The only comment I would make is that it was a challenge to smash up the chickpeas with a fork.  I ended up stirring/smashing this during the cooking process with a potato masher, and that worked just great!  I didn't change a single thing with the seasoning or other ingredients.

Sunday, October 21, 2012

Cold Weather Chili

I've been doing the "almost vegan" thing for a couple of months now, so the chances aren't good that this is going to get made in my kitchen any time soon, but that doesn't change the fact that it's still an incredible chili recipe!  In this season of doing lots of yardwork (for myself and others), this is a great item to have on hand in the freezer.  It's great on its own, with a corn muffin, over a baked potato, and in lots of other forms.

Cold Weather Chili

3 T. vegetable oil, divided
3 c. chopped onions
2 t. cayenne pepper
2 T. chili powder
1 T. ground cumin
2 t. crushed red pepper
1 T. oregano
1 t. salt
2 lb. beef for stew
1 lb. ground chuck
2 T. chopped garlic
2 large cans crushed tomatoes
1 (6 oz.) can tomato paste
2 c. beef broth
2 can dark red kidney beans, rinsed and drained

Combine all of the dry spices in a small bowl and set aside.

In a large heavy pot, heat 1 T. of the oil, add in the onions, and sauté until translucent.  Add about half of the dry spice mixture,  and stir to combine thoroughly. 

In a separate skillet, heat the remaining oil, and begin browning the stewing beef in batches.  As it browns, add it to the large pot with the onions.  Once the beef chunks are browned, add the ground chuck to the same skillet, and brown it, adding in the balance of the dry spices and the chopped garlic.  Add this to the large pot with the onions and beef chunks.

Add the remaining ingredients, except the kidney beans, bring to a boil, reduce to a simmer, cover, and cook one hour, stirring occasionally.  If it gets too dry, add more beef broth (1 cup at a time).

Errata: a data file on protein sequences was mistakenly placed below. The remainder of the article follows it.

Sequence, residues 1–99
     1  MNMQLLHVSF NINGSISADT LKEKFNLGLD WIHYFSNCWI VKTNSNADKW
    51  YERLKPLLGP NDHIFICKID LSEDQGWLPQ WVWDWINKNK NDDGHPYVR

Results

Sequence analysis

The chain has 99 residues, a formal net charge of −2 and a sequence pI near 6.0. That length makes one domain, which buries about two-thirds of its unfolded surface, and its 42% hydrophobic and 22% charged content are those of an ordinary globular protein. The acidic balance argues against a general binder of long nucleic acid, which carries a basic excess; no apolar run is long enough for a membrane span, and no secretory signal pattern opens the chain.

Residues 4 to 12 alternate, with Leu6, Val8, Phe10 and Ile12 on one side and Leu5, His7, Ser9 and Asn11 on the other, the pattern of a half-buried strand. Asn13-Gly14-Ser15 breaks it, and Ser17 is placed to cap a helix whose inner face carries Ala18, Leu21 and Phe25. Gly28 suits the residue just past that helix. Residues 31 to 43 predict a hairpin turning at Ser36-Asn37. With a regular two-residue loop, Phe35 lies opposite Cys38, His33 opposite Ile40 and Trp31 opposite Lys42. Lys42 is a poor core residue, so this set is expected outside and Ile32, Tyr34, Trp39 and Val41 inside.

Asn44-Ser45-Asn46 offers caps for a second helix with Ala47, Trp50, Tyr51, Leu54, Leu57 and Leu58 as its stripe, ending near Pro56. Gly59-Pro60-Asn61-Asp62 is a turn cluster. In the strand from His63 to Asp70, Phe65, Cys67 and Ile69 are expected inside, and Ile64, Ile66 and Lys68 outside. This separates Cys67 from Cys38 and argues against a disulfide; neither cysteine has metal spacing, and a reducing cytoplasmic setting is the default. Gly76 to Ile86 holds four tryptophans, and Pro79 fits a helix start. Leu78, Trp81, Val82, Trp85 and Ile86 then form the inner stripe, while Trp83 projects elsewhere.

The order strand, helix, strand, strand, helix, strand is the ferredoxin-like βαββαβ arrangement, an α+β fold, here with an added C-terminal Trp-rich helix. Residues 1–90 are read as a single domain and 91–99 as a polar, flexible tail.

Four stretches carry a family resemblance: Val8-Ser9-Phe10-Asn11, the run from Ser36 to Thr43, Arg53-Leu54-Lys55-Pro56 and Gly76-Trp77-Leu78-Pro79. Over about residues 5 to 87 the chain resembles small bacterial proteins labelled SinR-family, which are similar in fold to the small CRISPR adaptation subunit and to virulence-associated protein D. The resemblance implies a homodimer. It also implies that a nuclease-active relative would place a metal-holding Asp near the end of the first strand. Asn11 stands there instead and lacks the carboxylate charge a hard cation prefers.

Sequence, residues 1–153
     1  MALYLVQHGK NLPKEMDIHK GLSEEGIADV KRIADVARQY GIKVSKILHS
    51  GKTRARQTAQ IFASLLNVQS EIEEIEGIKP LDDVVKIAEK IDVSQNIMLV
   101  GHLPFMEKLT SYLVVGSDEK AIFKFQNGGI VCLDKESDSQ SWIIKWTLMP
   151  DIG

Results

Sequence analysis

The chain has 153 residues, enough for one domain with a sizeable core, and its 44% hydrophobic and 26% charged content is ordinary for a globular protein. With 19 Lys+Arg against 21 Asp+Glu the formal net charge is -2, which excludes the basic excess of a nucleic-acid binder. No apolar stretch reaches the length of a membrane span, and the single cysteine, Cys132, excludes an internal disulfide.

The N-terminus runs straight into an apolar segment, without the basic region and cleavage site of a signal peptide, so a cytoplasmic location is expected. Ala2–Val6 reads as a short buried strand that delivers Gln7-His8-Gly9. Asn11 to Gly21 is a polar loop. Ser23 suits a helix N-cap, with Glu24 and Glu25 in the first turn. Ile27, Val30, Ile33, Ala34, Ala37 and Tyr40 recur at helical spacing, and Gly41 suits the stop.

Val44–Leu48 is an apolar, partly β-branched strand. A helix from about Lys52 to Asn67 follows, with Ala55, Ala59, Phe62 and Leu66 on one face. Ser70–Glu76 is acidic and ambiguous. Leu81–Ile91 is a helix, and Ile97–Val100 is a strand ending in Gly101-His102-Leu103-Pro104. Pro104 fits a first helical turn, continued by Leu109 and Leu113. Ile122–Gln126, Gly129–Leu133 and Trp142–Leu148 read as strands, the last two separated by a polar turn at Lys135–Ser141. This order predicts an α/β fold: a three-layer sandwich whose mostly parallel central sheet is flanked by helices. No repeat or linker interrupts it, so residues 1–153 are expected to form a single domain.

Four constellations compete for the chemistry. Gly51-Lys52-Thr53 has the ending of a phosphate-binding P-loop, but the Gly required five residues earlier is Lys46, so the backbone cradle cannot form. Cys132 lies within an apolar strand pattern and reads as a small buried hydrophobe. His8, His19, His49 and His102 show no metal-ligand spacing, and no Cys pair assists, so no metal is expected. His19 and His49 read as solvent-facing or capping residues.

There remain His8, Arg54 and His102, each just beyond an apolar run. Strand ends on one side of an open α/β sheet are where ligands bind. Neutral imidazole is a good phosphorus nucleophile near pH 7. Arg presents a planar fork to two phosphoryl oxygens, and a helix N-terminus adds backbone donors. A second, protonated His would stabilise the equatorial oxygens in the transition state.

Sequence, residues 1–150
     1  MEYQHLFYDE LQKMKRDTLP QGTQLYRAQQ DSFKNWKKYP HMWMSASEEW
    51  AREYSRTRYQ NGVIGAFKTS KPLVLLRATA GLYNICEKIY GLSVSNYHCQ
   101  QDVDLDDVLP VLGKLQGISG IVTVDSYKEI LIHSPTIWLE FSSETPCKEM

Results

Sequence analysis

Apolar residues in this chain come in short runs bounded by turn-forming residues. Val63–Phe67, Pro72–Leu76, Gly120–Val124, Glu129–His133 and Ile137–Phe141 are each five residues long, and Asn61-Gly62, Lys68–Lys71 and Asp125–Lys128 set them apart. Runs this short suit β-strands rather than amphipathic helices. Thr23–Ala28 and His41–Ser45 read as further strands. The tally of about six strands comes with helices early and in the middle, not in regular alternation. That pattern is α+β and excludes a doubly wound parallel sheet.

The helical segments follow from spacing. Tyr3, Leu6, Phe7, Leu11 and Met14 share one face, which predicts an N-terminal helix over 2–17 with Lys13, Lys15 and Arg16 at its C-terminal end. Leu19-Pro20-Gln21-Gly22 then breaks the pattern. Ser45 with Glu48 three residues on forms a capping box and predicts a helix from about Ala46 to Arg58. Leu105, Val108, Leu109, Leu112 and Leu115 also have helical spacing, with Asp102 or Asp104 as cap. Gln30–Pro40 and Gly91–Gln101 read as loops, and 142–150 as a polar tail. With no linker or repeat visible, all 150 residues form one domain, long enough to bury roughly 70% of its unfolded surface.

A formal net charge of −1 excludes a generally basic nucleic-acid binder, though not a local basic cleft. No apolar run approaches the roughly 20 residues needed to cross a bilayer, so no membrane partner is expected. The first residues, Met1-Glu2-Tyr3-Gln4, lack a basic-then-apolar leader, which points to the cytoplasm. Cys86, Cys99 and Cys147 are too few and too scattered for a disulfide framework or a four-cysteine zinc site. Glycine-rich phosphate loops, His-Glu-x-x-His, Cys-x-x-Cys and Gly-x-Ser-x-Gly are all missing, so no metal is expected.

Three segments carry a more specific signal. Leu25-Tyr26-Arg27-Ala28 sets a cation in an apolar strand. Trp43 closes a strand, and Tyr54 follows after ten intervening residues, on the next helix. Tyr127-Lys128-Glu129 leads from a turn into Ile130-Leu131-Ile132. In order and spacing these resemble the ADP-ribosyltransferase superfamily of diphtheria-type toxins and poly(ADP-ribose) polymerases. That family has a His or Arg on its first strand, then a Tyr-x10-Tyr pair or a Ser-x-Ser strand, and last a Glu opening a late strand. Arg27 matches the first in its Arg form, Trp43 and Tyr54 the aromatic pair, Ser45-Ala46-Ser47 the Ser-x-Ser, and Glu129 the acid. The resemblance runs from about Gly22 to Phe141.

Add in the kidney beans, cook for an additional half hour, and you’re done!  Add whatever other things you’d like for serving (sour cream, cheese, etc., etc).  We usually serve it with cornbread, as well.

I'm off to spend the day working in the Stepchild might require a flamethrower.....

Friday, October 19, 2012

And The Pansy Process Continues.......

It's mid-October, which means all of the gardeners in the Southeastern US are consumed with installing winter annual color!  It is actually something of a reunion at the wholesale growers, since this is one of those times when I bump into all of the people I know from the industry, and don't get a chance to see during the summer craziness.

At the Big House, we're bouncing between the large annual color beds and the containers around the property.  As Patti says, the creative process of doing the containers balances out the knee-breaking process of installing all of the pansies in the ground.  This year, the weather has been absolutely glorious, so it really has been a fun crisp mornings, delightful dry sunny afternoons, dodging the squirrels and chipmunks with cheeks loaded down by acorns, pine cones and hickory nuts.

In the wooded area, this is one of my favorite containers, though its size dictates that the planting always be fairly simple.  It's only a few years old, but because it is in part shade all the time and regularly gets sprayed with the irrigation sprinklers, it's aging beautifully.   For this season, it's just jammed with Pansy "Matrix Sunrise."  We pointedly left the Virginia Creeper climbing up the base of the planter, since it has such incredible fall color.  This particular pansy also really highlights the blooms of the surrounding Camellia sasanqua.  The woodland garden was designed and planted with two hundred camellias in large drifts of the same cultivar, so when they are in bloom, it's pretty spectacular.